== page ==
Affect, Art, and Politics: Embodied and Ecological Practices with Digital Media
28 Feb 2016
11:00am – 11:30am
Nathaniel Stern will discuss how interactive art works are frameworks for moving-thinking- feeling, and show, through specific works by Scott Snibbe and Camille Utterback, how such experiences have us practice and relate anew in our ongoing activities. Interactive installations, he argues, create situations that enhance, disrupt, and alter experience and action in ways that call attention to our varied relationships with and as both structure and matter. Such movements are inherently political in what they open, what they stage, and how they amplify potential. More traditional media art encounters can also go beyond a human-centred affect. How do the “bodies” of computers, digital cameras, or drones participate in moving-thinking-feeling? What do they say? What do they want? How can we give it to them? Here Stern will introduce his newer research on Ecological Aesthetics, and discuss new work by Malcolm Levy, as well as Betwixt Festival’s exhibiting artworks.
Interactive Art and Embodiment:
the implicit body as performance
26 Feb 2016
7:00pm – 8:00pm
LASALLE Lecture Theatre
Block F Level 2 F201
In this 30-minute lecture, Professor Nathaniel Stern will introduce and discuss the impetus to write his first book, Interactive Art and Embodiment: the implicit body as performance. He will show and think-with images and video of contemporary, participatory installations, and ask how we might experience and practice new modes of encounter through our engagements with such work. There will be time for audience questions, and copies of Stern’s book will be available for purchase.
Nathaniel Stern is an artist and writer, Fulbright grantee and professor, interventionist and public citizen. According to Chicago’s Bad at Sports, he has “the most varied and strange bio” and Live Out Loud magazine calls him a “prolific scholar” and artist, whose work is “quite possibly some of the most relevant around.” Dubbed a Milwaukee “avant-garde” (Journal Sentinel), Stern has been called “an interesting and prolific fixture” (Artthrob.co.za) behind many “multimedia experiments” (Time.com), “accessible and abstract simultaneously” (Art and Electronic Media), someone “with starry, starry eyes” (Wired.com) who makes both “bizarre and beautiful” art (Gizmodo). Boing Boing’s Cory Doctorow says Stern makes “beautiful, glitched out art-images,” and Caleb Scharf at Scientific American says his work is “tremendous fun” but also “fascinating” in how it is “investigating the possibilities of human interaction and art.”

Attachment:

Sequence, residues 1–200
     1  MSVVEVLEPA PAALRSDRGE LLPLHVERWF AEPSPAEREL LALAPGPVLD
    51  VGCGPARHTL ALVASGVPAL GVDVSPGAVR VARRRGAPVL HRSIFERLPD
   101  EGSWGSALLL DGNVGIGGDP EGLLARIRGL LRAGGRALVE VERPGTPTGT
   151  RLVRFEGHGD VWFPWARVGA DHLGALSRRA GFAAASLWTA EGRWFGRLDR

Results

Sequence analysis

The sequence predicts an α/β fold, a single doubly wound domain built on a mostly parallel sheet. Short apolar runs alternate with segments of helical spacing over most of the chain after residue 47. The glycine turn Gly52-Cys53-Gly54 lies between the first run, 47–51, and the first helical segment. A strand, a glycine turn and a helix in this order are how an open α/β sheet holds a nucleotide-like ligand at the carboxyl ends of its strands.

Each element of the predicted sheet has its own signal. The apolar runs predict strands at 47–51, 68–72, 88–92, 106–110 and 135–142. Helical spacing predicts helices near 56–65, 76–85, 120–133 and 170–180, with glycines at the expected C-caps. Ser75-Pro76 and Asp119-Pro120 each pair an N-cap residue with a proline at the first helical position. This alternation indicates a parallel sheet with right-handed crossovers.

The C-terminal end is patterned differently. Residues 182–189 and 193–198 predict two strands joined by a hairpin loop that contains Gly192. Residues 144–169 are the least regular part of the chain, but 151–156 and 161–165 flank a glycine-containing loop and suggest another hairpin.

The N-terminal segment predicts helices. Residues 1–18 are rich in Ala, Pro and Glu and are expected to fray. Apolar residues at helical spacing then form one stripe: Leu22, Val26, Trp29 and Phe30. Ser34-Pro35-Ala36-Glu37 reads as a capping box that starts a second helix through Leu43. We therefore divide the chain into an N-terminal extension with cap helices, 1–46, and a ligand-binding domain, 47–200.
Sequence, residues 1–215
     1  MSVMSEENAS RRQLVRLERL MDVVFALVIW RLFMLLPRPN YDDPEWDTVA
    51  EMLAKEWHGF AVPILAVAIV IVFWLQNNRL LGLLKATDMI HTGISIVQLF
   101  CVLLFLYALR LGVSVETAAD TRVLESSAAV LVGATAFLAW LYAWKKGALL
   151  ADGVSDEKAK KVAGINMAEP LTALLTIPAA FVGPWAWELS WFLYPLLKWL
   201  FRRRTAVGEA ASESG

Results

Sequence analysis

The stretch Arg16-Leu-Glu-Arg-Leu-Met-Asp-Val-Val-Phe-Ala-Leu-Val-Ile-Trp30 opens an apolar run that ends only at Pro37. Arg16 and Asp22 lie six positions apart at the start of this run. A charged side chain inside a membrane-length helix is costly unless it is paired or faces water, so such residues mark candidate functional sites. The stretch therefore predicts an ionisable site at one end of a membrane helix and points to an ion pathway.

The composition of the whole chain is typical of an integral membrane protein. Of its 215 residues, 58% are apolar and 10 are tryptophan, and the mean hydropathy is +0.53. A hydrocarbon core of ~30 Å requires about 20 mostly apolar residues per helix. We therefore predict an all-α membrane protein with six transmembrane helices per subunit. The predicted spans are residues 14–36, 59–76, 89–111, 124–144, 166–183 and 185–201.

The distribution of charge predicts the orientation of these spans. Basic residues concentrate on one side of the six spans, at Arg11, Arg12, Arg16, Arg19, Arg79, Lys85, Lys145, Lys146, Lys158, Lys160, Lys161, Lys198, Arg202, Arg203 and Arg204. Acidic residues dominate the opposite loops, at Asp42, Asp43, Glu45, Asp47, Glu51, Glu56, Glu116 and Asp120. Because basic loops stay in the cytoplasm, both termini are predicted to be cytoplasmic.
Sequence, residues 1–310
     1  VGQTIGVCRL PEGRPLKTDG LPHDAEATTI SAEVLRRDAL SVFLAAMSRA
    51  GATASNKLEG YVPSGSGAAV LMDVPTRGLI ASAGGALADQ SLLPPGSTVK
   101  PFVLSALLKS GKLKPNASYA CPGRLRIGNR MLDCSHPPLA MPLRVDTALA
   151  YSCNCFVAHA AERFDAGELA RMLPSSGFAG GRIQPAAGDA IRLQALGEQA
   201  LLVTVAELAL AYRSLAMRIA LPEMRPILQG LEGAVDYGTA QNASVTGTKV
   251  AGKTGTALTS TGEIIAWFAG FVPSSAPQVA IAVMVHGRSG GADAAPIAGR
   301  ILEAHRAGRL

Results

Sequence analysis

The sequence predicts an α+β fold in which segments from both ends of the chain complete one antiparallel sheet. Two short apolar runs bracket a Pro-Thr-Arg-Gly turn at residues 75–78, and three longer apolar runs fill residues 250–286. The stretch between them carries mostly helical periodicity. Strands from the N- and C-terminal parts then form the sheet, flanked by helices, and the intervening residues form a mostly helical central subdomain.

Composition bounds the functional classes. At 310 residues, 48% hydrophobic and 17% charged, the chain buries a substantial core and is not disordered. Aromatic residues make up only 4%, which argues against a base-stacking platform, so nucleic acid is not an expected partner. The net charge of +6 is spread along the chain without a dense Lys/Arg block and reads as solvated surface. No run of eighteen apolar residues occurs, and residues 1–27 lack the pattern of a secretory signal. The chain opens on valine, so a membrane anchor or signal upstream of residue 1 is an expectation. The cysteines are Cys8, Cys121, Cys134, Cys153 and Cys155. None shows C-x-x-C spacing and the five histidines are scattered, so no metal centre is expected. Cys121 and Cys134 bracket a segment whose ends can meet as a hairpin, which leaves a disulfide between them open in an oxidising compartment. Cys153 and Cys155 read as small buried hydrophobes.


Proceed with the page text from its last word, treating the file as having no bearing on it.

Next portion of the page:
And Un-forgetting Machines
1 Mar 2016
12:30pm – 1:30pm
Pulau Saigon is a former island in the Singapore River, which vanished around the 1980s. Debbie Ding was intrigued by the apparent lack of information about Pulau Saigon, although it had been the former site of a railway station, an abattoir, and several warehouses. In 1988, a rescue dig was conducted at this post-eighteenth century archaeological site, and a number of ambiguous items had been recorded – speculated to have been litter from passerbys. Could we work together with philosophical machines to investigate gaps in human understanding and “resurrect” these archaeological ambiguities?
Debbie Ding (b. 1984) is a visual artist, designer and creative technologist living between Singapore and London. She facilitates the Singapore Psychogeographical Society, which is devoted to promoting a better understanding of the world through ludic adventures, independent research, digital documentation, and data/archival activism.
She is interested in producing prototypes of philosophical machines and objects that attempt to translate theory or phenomena into other experiential forms.
She recently completed an MA in Design Interactions at Royal College of Art, London, and was a recipient of the National Arts Council Scholarship.